For example, let’s take refactor the useEffect code and make use of the useQuery hook provided by React-Query:

Note that this code does not use the usual useState and useEffect hooks.

We are not importing any React hooks for data fetching and storing. The useQuery hook reduces the effort of writing long lines of fetching logic in useEffect and does the same task effectively but cleaner and more effectively than before.

Indeed, useQuery already has several values we can use in the application, such as isLoading, error response, and return data.

The difference between this code and the application above is that in the above application, we are using isFetching which tells us if we are currently re-fetching the data from API provided.

useMutation Hook

The useMutation hook is generally used to create/update/delete remote data. This function takes an asynchronous function to update your data (usually between POST, PUT, or DELETE requests) and returns a mutate function that you can call to trigger the mutation.

You can also place optional functions that can be helpful and are mostly triggered when the function ‘mutate’ returns certain results, such as onSuccess and onError, which will only be triggered when the mutate function returns a specific result. In the example repo, you can see that I’m using the mutate function to put new data into the API when the form is submitted. I also reset the text input to empty when the mail request succeeds:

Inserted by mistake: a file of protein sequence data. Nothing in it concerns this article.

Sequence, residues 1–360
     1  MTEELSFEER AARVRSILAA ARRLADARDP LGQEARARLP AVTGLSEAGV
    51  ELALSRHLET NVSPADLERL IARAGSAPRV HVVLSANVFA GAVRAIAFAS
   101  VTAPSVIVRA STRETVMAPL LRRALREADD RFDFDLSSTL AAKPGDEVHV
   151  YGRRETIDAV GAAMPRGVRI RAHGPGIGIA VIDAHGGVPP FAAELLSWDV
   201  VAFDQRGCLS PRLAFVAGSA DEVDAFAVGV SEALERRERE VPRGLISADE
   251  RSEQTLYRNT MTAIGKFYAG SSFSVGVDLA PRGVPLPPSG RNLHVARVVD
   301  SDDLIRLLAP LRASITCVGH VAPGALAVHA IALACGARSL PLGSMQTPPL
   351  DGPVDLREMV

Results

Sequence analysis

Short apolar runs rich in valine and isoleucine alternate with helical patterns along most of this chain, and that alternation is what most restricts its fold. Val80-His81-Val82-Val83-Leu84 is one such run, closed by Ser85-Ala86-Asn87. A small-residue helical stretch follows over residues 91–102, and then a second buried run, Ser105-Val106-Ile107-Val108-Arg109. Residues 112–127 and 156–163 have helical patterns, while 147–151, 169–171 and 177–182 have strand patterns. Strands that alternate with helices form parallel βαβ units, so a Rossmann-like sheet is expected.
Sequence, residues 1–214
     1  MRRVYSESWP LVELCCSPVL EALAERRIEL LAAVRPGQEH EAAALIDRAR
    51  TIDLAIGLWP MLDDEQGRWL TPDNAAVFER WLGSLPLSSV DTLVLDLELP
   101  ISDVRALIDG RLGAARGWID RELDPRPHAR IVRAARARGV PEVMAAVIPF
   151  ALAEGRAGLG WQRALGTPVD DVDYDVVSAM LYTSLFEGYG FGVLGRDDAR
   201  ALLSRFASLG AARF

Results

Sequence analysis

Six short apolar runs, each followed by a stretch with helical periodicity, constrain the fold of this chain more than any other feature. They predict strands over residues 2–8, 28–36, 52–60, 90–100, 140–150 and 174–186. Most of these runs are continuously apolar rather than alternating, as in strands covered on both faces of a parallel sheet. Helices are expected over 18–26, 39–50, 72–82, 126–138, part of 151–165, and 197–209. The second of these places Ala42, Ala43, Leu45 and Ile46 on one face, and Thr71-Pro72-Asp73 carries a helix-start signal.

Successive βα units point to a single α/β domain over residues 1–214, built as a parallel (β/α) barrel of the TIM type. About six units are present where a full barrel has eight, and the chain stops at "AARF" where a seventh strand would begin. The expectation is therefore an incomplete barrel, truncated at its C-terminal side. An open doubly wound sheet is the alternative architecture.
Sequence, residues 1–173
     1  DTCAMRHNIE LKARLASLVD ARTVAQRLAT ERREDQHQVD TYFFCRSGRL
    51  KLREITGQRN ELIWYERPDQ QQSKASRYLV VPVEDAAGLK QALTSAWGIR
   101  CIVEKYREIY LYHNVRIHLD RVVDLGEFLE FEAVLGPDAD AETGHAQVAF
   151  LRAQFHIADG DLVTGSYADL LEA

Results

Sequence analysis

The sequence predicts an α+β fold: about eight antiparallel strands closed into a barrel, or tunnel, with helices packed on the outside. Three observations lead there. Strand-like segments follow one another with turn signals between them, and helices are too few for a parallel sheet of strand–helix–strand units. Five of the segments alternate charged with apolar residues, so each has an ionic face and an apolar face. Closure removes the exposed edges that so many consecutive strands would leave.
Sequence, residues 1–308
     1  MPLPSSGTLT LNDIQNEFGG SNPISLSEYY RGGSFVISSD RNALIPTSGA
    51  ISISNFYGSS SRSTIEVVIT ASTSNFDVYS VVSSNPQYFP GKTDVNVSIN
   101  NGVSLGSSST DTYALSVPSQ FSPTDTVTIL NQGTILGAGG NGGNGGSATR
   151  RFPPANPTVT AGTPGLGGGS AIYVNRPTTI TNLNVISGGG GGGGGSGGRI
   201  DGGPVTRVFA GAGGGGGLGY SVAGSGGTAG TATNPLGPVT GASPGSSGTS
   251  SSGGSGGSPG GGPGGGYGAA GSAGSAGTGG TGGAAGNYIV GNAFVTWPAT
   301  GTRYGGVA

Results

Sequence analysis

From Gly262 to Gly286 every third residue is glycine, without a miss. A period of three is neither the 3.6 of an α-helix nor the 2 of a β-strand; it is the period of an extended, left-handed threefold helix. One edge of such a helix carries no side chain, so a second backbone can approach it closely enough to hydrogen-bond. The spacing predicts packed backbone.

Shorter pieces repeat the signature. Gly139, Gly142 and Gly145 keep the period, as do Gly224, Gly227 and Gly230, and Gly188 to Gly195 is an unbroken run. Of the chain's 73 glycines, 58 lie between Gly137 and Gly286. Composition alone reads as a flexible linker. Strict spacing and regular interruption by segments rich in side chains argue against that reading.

But if you try to insert new text in the demo app, you’ll notice that the to-do list doesn’t refresh.

To tell React Query to iterate over the task list, you need to remove the code above the setText function:

queryCache.invalidateQueries will invalidate the cache with the todo keys and let React Query fetch the data again.

queryCache Tool

As you can see in the DevTools demo, React Query will cache the data fetched under the key task above. Still, it will automatically become stale after fetching unless you configure staleTime.

queryCache is a utility instance containing several functions that can be used to manipulate queries further. In the example, you see queryCache.

The invalidateQueries function makes React Query send a new request for a list of tasks.


React Query is an excellent library of hooks for handling data requests that remove the need to put remote data into the global state. You tell the library where your data comes from, and it takes care of caching, background updates, and stale data without any additional code or configuration.

React Query also removes the need for useState and useEffect hooks and replaces them with a few lines of React Query logic.

This will help keep your application maintainable, responsive, and fast in the long run.

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1. Why use React-Query?

ANS: – React query is a powerful tool that is very good in fetching Api data and caching so that the number of calls made to the API is limited if the values do not change. Not only that React-Query is also helpful for state management tools.

2. Why is React Query better than useEffect?

ANS: – React-Query will initially return the previously fetched data and then re-fetch when the data from the API call changes. Const {isLoading,isFetching,error,data,status} = useQuery(); This makes our code a lot simpler and easy to maintain.

3. Is React Query a framework or library?

ANS: – A React library enables us to fetch and manage data in React applications. It provides a powerful and easy use Api for fetching, caching, and updating data in React applications.

WRITTEN BY Rishav Mehta